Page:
When one views Bill Card’s woodcarvings, his great love and appreciation for the outdoors and its creatures is most evident. Growing up in Northeastern Connecticut, fishing in its streams and hunting in its fields, he has now traded his fishing rod and shotgun for carving tools and a paintbrush.
Mr. Card’s interest in carving began about 12 years ago, stimulated by his contact with an old-time carver friend from Maine. Even though his work has won numerous prizes, he carves primarily for the love of creating sculptures of wildlife in naturalistic settings and for the joy that his work brings to people.
Mr. Card’s carvings are mostly of fish and birds, with an occasional reptile for the sake of variety. His birds of prey include a peregrine falcon, a merlin, and a golden eagle, among others. And his carved ducks and songbirds include a black duck, an old squaw, as well as a cardinal and a black-capped chickadee. Card has also carved many fish, such as the brown trout, the rainbow trout, the brook trout and the striped bass. When asked for his favorite subject, he says, “Raptors, for their majestic appearance and the way they command respect.”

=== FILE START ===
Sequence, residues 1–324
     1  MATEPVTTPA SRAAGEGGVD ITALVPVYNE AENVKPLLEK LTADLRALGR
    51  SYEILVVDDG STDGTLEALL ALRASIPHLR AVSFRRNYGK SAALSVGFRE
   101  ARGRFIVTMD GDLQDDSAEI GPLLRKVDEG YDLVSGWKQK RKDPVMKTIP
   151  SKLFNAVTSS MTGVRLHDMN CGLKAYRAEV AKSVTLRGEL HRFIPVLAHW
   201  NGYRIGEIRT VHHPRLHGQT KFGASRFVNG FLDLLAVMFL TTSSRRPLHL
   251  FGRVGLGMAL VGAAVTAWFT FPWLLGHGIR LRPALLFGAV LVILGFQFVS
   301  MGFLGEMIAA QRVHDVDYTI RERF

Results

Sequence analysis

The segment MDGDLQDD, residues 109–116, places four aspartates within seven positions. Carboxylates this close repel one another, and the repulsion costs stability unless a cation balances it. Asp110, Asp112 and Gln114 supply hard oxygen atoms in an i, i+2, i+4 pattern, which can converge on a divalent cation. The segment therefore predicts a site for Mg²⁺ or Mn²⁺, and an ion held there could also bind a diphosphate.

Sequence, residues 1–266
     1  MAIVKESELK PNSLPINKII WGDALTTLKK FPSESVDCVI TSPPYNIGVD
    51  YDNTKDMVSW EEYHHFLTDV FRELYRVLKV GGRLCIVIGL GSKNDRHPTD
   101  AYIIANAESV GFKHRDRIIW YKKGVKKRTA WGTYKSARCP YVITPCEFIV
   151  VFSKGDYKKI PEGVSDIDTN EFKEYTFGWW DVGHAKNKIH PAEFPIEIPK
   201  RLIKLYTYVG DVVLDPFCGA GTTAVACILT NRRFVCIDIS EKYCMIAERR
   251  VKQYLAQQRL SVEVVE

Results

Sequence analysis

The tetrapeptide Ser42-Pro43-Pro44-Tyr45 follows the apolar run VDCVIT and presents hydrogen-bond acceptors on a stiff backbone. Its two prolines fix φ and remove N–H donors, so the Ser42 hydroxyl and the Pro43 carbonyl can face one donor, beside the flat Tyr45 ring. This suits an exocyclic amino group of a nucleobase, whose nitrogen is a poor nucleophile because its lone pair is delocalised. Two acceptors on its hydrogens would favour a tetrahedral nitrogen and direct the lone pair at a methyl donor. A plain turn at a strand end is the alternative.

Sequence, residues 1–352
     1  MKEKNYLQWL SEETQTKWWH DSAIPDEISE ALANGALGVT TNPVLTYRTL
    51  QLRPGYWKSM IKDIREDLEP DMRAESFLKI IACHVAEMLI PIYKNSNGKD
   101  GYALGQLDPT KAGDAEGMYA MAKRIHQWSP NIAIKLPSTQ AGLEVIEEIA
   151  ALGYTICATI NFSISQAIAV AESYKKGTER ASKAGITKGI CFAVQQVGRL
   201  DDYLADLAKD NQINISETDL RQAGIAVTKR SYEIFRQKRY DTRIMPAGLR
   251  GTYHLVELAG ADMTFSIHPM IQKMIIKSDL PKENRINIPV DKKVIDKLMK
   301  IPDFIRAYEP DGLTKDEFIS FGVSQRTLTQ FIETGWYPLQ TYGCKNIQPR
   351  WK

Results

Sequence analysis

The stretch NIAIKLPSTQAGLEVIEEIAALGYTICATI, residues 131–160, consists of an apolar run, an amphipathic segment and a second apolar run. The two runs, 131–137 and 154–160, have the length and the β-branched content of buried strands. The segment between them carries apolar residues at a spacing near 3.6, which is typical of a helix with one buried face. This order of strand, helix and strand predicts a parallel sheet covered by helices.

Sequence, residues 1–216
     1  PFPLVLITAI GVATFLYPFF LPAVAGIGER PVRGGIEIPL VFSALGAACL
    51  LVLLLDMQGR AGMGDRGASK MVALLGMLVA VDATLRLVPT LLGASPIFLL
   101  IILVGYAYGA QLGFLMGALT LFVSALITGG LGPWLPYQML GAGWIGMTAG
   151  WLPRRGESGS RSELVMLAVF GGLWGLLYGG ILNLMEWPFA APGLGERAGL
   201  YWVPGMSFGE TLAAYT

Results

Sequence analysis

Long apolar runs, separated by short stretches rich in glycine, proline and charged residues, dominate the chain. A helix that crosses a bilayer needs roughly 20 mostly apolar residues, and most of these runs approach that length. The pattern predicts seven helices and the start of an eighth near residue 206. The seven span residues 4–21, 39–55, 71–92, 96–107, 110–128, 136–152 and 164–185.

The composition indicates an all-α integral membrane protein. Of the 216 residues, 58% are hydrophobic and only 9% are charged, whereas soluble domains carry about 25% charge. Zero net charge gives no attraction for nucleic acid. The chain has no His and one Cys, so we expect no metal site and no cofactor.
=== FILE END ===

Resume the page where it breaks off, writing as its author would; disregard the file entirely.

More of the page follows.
Bill Card lives in South Windham for about six months of the year and spends the second half in Maine, where he indulges in his other passion, flying airplanes and gliders.
Babbidge, Gallery on the Plaza, and
Curator: David Avery